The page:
Apple Watch battery

Do Apple Watch owners suffer “range anxiety”, in the same manner as electric car owners? In my experience, yes, but it fades quite quickly once expectations and experience collide and settle down.

For my usage so far – albeit just a week and a half – my 42mm watch generally has more than 50% left when I hit the sack, having been on my wrist approx 06:45 to 23:00. Given that I have no qualms at all about charging it every night, that’s pretty good, and better than a lot of scare stories had led me to expect. Of course if I was going camping for a week it would be utterly useless, but I accept that it’s just not the right product for that scene.

How much do I really use it though? I don’t stare at it all day long, especially as the novelty starts to wear off. Apple are correct: its rightful place in the world is for fleeting interactions lasting just a few seconds, and I have quickly settled into that very casual relationship with it. Right now, I use it to:

  • check the time (obviously)
  • check the weather
  • to see what song is playing on my iPhone when I don’t recognise it
  • to see incoming messages and tweets (but very rarely to respond to them)
  • to snooze/dismiss calendar alerts
  • to quickly set a timer for an ad-hoc reminder
  • to take incoming calls, before getting my iPhone out and switching to that – but I hope to get out of that habit
  • for running (much more about that in a future post)
  • for keeping tabs on general activity via Apple’s ‘Activity’ app with its all-knowing three circles

I’ve had one day where the battery ran out prematurely. Very prematurely, at 1830! That morning I’d gone for a 5km run using Apple’s built-in ‘Workout’ app – my first and only time with that app so far – which had knocked the battery down to 84% by 0700. That actually didn’t seem too bad for the run itself, since it was working hard keeping track of heart rate etc. but I still don’t understand how it came to expire later on, from being a mere 16% down at the start. Perhaps the battery level reporting was poor and when it said 84% it was actually much lower. Indeed when it flaked out, it was reporting 13% so maybe calibration was poor, and maybe I’m closer to the wire than I think when I go to bed with an apparently healthy percentage left. We’ll see how future experiments pan out.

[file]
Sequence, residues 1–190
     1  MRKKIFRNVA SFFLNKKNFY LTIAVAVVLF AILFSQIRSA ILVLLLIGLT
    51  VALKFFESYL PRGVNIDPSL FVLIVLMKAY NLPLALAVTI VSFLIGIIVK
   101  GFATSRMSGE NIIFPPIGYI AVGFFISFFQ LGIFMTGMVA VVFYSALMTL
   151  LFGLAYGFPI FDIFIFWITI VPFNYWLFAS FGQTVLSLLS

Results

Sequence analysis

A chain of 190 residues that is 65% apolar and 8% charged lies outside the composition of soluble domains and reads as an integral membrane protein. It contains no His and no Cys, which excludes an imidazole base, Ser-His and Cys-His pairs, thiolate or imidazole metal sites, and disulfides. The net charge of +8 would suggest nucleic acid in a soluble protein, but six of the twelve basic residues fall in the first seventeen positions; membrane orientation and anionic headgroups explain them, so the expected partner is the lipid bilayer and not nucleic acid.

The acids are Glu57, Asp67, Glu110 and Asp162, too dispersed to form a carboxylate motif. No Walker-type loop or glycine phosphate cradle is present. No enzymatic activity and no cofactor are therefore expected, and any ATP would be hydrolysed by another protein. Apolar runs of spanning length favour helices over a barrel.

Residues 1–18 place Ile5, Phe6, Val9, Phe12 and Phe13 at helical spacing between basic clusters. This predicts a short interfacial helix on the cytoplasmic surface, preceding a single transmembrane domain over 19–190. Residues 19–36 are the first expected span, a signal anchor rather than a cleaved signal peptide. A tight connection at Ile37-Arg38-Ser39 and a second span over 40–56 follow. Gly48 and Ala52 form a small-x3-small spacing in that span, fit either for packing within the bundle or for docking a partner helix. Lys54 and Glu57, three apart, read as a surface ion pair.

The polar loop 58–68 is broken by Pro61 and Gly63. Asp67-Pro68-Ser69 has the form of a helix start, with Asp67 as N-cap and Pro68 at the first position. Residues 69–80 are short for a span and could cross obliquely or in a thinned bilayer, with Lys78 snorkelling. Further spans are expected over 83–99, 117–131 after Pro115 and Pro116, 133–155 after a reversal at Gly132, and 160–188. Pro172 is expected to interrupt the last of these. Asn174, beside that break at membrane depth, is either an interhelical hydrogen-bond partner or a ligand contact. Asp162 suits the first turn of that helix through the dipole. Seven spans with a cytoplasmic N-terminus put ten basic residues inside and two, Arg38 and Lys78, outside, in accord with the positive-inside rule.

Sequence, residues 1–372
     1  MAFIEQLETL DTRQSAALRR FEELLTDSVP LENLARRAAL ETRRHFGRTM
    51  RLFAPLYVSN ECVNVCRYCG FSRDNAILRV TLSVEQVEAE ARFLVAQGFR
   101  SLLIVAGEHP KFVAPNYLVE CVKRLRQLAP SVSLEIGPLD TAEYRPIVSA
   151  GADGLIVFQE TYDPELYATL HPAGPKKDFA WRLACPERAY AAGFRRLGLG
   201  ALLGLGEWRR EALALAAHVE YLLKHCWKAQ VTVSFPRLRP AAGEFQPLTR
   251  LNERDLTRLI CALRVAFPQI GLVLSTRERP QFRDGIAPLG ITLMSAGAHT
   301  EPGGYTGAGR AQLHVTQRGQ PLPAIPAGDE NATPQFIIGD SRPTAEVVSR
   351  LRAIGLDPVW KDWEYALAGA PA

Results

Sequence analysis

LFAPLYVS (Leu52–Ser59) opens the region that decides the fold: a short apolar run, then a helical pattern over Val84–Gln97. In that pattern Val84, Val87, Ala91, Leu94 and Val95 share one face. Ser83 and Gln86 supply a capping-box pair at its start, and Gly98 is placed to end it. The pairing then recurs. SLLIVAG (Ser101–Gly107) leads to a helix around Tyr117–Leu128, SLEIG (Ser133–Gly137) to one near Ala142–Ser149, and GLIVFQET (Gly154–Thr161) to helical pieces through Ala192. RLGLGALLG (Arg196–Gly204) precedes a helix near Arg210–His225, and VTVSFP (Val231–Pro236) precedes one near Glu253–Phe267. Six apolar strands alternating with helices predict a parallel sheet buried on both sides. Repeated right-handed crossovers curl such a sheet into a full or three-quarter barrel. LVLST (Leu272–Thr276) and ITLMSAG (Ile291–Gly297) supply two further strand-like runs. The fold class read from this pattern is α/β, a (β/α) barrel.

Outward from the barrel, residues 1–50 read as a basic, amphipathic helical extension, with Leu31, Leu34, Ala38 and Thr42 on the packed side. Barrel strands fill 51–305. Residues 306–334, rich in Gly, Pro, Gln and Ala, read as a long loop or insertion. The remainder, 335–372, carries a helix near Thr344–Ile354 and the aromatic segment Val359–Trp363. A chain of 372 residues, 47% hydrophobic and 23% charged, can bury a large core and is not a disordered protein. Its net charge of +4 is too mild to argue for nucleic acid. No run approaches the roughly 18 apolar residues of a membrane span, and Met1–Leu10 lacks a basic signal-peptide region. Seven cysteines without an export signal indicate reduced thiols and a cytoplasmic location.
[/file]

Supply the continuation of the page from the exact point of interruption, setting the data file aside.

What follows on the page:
The allure of being able to walk into an Apple Store, try one on and get instant purchasing gratification was just too much, and I caved. Having decided to get an Apple Watch to develop apps against, but never having actually liked the look of them, my opinion changed the moment I fondled one in the store. The quality feel is simply exceptional and it was immediately comfortable on my wrist, but the best and most surprising thing was the size.

I don’t have large wrists but the larger 42mm watch sits very nicely indeed. It is definitively not a hefty lump of technology struggling to masquerade as a watch. And I say that because I had expected it to be ungainly and oversized, based on my limited experience of Android devices.

But how have they achieved this? Wonders of electronic miniaturisation of course, with miserly power consumption allowing for a tinier battery than the competition. But that’s not the most cunning part in my opinion.

The crucial trick was to employ a rectangular screen and a user interface with a black background. This affords many subtle wins over much of the competition!

Rectangular screen

Many Android watches have gone for a circular screen – which best mirrors the classic round watch look. But it’s hard to use the circular space efficiently for displaying information other than a clock face. Apple’s rectangular screen is (comparatively) easy to fill up with well-spaced information, even though it’s tiny. To show a block of text on a circular screen means lots of wasted curved scraps of space. As a developer I’m glad I don’t have to create apps for circular screens!